DC Trawler

Pizzagate Dude: I Got Some Bad Intel About Comet Ping Pong

Font Size:

Alright, look, I’m not gonna knock a guy for trying to do the right thing. Sometimes a man sees a problem, and he sees that nobody else is doing anything. It nags at his conscience. So he drives hundreds of miles to a Washington, DC pizza parlor he’s been reading about on the Internet, and he goes inside to investigate the secret underground tunnels where the child sex slaves are being held captive by Hillary Clinton. A man’s got to do what a man’s got to do. And it wouldn’t be a good idea to embark upon such a dangerous mission without bringing in a gun (or three) to protect himself, right? I mean, that would be crazy.

So please keep an open mind and an open heart as you read the following from Adam Goldman at the Times of New York:

Edgar M. Welch, 28, of Salisbury, N.C., was arrested Sunday after firing a gun inside a pizza restaurant in Washington as he investigated false claims in online articles that the pizzeria was at the center of a child sex slave ring, the police said. No one was injured by the gunfire, and Mr. Welch surrendered peacefully…

In his first news media interview since his arrest, Mr. Welch appeared downcast and at times distracted as he answered questions for 45 minutes, the maximum time allowed by the jail. “I just wanted to do some good and went about it the wrong way,” he said.

Well now, who among us hasn’t wanted to do some good and fallen short? Who among us is perfect? I know I’m not. No sir, I certainly am not…

Upon entering Comet Ping Pong, Mr. Welch looked around for the enslaved children he had come so far to rescue. They were nowhere to be found. What happened? He has a theory:

“The intel on this wasn’t 100 percent,” he said. However, he refused to dismiss outright the claims in the online articles, conceding only that there were no children “inside that dwelling.”

All he can tell you is what he saw with his own eyes. That’s all any of us can do. He got some bad intel in this particular case, but he doesn’t care to speculate beyond that.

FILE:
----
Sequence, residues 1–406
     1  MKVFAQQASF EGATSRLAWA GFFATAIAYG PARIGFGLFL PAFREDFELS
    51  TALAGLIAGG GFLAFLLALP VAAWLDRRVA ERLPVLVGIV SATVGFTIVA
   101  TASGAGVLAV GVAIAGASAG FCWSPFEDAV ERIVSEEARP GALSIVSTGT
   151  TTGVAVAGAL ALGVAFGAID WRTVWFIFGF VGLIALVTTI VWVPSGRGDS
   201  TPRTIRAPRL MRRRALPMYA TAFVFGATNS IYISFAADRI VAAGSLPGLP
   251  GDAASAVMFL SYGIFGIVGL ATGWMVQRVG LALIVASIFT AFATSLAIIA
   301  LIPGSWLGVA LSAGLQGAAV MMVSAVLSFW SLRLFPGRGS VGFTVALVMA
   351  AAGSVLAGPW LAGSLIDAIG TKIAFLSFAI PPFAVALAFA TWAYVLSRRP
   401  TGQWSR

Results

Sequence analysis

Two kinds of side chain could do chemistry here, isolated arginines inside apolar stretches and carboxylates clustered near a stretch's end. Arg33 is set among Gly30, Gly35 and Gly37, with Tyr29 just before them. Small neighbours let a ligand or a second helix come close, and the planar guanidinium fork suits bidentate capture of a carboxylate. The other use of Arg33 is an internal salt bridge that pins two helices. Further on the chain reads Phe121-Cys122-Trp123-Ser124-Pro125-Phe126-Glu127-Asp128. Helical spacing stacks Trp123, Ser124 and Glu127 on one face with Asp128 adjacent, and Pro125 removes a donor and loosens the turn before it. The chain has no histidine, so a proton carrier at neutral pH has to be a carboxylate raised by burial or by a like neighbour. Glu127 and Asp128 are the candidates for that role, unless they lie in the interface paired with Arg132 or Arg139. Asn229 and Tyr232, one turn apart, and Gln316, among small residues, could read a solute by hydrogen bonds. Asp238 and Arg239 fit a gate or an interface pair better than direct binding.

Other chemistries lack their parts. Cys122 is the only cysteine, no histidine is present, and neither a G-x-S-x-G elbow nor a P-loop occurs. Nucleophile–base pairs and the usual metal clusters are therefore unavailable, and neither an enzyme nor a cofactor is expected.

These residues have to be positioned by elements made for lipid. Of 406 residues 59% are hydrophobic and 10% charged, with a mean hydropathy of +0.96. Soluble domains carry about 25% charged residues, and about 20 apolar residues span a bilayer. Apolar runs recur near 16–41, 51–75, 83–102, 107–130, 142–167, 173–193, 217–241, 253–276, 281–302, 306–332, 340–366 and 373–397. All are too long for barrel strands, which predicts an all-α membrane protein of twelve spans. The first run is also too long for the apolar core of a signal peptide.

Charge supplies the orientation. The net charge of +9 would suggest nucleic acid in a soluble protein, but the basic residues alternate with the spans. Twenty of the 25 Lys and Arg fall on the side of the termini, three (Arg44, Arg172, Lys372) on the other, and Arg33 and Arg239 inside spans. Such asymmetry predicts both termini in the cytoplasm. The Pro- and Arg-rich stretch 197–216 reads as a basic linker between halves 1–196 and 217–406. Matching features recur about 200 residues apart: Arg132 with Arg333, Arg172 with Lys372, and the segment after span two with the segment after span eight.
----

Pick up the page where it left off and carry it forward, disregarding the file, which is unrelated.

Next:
Now, you may be asking: What impelled Mr. Welch to undertake this mission of mercy in the first place? How did he discover what was allegedly going on inside this alleged “restaurant”?

He said it was through word of mouth. After recently having internet service installed at his house, he was “really able to look into it.” He said that substantial evidence from a combination of sources had left him with the “impression something nefarious was happening…”

“I regret how I handled the situation,” he said.

Please take note of that last part: He regrets how he handled the situation.

Do these sound like the words of an evil man? Are these the sentiments of a bad person? Not to me. Not to anyone with a shred of empathy for his fellow man and a concern for the wellbeing of our children.

Are there things Mr. Welch could’ve done differently? I don’t think there’s any doubt about that. He says so himself. He got so caught up in the righteousness of his cause that, yes, he made a few missteps along the way. No question.

If you can honestly say you’ve never made a mistake in your life, Dear Reader, then I suppose you can sit in judgment of this man. I cannot.

Edgar M. Welch did something that was, well, pretty goldarn foolish. His emotions got the better of him. Heck, that’s why we call ’em emotions, right? Fortunately, there was no harm done. Yes, he did some property damage, for which he should be held liable. But nobody was hurt by his unfortunate error.

He regrets it. He has learned from it. He’s a better man for it.

Is jailing him really the answer? Should we separate this courageous, good-hearted American from his loving family just because he made a mistake? Friends, I don’t see how that helps anybody. Edgar M. Welch must be set free. Let him go home so he can get back to his life.

But definitely take away his Wi-Fi.